It’s normal to experience vision changes as you age. Fortunately, multifocal lenses have multiple focusing powers, allowing you to see clearly at varying distances. These lenses are ideal for individuals with more than one vision problem. Usually, they have a prescription for intermediate distances, nearsightedness and farsightedness. You’ll know if you need them after visiting a specialist for an eye exam.
Read on to learn more about multifocal lenses.
What Are the Types of Multifocal Lenses?
People who experience difficulties seeing objects at a distance and up close likely need bifocal lenses. You can use bifocals as reading glasses and vision correction eyewear. The upper half of these lenses contain the distance vision prescription, and the bottom half corrects farsightedness.
Instead of two vision problems, trifocal lenses correct three. The middle part of trifocals correct intermediate vision and their upper and lower areas address farsightedness and nearsightedness.
Bifocals and trifocals contain lines that separate each section of the lens. Progressive lenses gradually change in power from top to bottom, giving users a seamless transition from one correction to the other. This type of multifocal lens is usually thinner and lighter than trifocals and bifocals.
How Do You Know If You Need Multifocal Lenses?
Your optician or eye doctor might prescribe you multifocal lenses if you have trouble seeing both near and faraway objects. They may be recommended for individuals who experience eye strain or fatigue and headaches when reading or writing. If you need to hold reading materials at arm’s length to see the text clearly or your vision’s quality changes depending on the time of day, you might need multifocal lenses.
Multifocals eliminate the need for switching between eyeglasses under different conditions — no more swapping different kinds of eyewear when driving, reading or going outdoors. They’re a great option for people who want a smooth transition between lenses. However, if you’re wearing them for the first time, it might take some time for you to get used to them. Once the adjustment period is over, you’ll notice your vision is clearer while wearing progressive lenses, bifocals or trifocals.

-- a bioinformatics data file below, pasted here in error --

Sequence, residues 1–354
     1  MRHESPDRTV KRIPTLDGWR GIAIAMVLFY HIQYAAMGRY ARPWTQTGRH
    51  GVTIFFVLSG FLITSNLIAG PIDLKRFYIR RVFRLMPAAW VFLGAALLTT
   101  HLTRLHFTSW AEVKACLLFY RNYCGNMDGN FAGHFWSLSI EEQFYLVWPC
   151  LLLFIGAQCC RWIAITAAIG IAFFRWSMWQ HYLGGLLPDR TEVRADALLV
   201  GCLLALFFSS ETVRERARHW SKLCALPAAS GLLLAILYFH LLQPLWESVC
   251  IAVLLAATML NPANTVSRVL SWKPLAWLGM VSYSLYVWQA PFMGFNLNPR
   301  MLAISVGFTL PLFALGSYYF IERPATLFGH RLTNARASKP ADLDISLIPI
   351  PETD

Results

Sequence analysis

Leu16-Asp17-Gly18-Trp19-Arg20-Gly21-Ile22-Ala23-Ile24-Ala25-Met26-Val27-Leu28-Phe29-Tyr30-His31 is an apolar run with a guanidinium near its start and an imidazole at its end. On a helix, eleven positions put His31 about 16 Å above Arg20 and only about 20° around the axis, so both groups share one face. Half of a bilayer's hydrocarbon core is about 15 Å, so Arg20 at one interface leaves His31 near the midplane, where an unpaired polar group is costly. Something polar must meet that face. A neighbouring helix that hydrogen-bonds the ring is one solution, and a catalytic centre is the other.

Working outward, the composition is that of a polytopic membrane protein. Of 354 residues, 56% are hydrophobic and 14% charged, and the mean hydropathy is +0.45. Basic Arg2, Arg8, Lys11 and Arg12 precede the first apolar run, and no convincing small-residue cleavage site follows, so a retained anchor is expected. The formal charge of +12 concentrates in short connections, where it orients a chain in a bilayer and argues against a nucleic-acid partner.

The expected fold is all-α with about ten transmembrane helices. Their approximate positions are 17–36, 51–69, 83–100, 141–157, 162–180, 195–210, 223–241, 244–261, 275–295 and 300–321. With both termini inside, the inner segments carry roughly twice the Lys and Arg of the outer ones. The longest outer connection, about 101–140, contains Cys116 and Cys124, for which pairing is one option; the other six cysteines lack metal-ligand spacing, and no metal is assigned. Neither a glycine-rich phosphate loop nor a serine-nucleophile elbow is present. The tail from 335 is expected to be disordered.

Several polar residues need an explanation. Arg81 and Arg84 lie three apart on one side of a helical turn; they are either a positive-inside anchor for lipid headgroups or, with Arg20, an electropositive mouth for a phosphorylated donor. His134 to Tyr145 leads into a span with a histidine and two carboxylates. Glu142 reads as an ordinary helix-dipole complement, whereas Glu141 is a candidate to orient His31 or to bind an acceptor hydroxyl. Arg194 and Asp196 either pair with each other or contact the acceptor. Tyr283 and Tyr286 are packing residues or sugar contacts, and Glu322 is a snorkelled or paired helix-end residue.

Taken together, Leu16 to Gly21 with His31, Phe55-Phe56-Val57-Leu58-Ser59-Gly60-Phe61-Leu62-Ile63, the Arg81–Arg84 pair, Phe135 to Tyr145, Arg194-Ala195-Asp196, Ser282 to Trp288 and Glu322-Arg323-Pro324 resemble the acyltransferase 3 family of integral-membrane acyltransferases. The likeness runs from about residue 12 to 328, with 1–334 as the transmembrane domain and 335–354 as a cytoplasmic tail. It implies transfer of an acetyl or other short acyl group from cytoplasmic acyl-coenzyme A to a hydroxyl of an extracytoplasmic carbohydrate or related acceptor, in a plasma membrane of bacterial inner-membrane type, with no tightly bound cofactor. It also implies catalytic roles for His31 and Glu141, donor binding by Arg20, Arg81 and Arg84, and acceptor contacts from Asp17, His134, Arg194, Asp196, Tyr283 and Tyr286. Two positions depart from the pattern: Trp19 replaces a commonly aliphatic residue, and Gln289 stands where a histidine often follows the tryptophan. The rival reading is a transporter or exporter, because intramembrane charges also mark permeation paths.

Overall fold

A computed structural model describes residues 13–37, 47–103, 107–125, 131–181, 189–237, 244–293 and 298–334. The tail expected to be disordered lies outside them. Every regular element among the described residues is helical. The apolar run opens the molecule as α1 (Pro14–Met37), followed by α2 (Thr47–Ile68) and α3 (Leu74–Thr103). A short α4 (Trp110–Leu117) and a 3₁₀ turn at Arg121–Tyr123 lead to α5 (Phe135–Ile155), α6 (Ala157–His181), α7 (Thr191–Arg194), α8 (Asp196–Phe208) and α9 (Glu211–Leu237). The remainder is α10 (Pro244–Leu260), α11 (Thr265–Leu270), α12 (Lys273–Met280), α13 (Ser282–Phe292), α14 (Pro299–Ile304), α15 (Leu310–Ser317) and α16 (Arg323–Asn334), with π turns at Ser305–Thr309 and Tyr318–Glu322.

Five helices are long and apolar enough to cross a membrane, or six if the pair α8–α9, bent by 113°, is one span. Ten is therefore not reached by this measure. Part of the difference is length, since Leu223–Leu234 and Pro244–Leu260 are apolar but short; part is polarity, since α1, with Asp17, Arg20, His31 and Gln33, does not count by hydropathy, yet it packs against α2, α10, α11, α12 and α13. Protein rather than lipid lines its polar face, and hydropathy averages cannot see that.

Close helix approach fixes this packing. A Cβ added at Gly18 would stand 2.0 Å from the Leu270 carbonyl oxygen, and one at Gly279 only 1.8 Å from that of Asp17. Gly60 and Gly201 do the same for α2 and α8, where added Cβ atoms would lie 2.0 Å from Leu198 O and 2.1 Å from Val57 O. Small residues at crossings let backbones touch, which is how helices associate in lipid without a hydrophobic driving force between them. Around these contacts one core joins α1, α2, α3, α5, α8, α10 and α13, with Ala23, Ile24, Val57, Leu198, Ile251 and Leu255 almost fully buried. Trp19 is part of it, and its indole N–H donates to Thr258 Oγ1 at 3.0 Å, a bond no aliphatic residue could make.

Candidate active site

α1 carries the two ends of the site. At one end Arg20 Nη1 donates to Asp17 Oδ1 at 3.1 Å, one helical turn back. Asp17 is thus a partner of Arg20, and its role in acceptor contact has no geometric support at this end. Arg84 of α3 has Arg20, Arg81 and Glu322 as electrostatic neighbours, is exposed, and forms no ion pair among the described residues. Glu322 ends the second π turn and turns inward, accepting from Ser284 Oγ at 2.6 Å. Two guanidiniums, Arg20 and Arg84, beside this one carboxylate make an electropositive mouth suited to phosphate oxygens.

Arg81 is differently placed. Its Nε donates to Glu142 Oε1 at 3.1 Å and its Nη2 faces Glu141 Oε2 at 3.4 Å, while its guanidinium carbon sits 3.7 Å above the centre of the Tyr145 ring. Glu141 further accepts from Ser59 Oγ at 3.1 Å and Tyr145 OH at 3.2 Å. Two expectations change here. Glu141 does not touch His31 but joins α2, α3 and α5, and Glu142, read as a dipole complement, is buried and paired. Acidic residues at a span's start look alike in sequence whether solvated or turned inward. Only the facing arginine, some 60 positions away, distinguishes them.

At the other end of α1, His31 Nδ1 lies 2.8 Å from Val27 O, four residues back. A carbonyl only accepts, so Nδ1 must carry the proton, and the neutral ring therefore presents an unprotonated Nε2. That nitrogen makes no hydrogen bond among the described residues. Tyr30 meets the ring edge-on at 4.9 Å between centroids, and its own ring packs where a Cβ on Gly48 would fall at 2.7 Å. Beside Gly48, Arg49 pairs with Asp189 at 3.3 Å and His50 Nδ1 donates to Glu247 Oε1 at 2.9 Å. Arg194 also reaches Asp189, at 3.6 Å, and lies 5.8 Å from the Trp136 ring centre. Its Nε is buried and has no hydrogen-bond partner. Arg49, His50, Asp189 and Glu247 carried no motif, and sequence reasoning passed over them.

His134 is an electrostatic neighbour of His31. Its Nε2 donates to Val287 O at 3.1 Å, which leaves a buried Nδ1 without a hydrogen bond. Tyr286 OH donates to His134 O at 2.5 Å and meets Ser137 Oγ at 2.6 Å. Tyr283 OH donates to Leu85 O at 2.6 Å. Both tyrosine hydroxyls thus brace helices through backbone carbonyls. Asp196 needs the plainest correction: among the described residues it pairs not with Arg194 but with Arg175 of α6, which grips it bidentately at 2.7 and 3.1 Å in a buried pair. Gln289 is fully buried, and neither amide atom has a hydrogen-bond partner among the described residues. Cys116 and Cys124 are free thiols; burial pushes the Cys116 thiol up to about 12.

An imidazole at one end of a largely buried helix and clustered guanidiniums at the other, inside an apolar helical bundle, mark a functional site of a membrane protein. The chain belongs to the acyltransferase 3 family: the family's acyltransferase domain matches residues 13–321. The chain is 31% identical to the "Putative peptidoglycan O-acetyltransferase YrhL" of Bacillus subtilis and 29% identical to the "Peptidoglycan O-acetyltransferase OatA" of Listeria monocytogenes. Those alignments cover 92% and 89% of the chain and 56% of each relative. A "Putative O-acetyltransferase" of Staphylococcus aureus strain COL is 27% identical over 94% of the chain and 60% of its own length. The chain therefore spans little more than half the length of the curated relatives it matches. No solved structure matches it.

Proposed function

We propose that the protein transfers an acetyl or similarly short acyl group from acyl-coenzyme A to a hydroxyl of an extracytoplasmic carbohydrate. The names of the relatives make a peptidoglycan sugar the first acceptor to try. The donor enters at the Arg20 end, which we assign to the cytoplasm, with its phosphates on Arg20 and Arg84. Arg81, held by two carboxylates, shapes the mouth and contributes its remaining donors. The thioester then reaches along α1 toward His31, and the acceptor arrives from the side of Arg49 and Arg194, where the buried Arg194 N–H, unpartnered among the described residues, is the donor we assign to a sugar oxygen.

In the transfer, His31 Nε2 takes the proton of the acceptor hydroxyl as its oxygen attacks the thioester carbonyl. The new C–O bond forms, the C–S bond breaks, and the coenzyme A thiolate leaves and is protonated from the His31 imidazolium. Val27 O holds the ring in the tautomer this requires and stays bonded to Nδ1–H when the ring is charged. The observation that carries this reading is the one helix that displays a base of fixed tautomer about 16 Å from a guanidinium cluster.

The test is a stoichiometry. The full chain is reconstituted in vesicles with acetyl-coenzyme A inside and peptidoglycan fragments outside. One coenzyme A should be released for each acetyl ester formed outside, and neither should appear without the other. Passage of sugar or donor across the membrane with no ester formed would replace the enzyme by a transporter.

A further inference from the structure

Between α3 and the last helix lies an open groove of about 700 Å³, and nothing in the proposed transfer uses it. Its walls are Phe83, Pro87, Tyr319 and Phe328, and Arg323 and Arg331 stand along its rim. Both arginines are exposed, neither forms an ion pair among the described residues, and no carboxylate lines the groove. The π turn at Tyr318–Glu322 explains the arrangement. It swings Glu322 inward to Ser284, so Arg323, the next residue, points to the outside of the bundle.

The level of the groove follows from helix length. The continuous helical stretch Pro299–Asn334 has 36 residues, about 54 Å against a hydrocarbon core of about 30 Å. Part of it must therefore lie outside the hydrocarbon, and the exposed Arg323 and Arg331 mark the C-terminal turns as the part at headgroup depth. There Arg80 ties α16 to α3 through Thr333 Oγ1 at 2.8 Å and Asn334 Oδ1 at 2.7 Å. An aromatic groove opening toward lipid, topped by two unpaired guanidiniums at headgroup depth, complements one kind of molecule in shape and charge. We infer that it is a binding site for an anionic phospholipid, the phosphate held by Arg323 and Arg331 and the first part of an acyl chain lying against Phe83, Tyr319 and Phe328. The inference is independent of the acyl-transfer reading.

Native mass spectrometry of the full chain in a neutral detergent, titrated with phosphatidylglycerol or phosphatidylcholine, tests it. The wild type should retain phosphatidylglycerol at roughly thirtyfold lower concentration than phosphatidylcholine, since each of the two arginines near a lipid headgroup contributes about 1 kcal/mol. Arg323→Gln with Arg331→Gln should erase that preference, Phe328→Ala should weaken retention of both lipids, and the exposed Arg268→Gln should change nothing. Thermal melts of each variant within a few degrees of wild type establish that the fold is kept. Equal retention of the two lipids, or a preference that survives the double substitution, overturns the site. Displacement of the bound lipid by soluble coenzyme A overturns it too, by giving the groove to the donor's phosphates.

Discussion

You can wear properly fit progressive eyeglasses for most activities. Aside from correcting farsightedness and nearsightedness, they can also help with astigmatism. Progressive eyeglasses do not contain thick, unattractive lenses–they’re very sleek. Progressive lenses may also be more comfortable than other options since they are lightweight.
What Should You Expect While Wearing Multifocal Lenses?
How Your Eyeglasses Fit
Your eye doctor will need to take precise measurements when fitting you for your multifocal lenses to ensure your comfort. In the case of bifocals, they are positioned in line with your lower eyelid since this is where you typically look down to read. Trifocals need to be in a higher position to ensure the upper line of the intermediate section is in the same place. This allows wearers to see clearly when using both distance and intermediate vision.
Improvement in Your Vision
You may intentionally need to move your eyes to different areas of the multifocal lenses to see objects at different distances. For instance, going down the stairs might be difficult for bifocal wearers since it requires looking down. The lower part of bifocal lenses helps you see objects up close.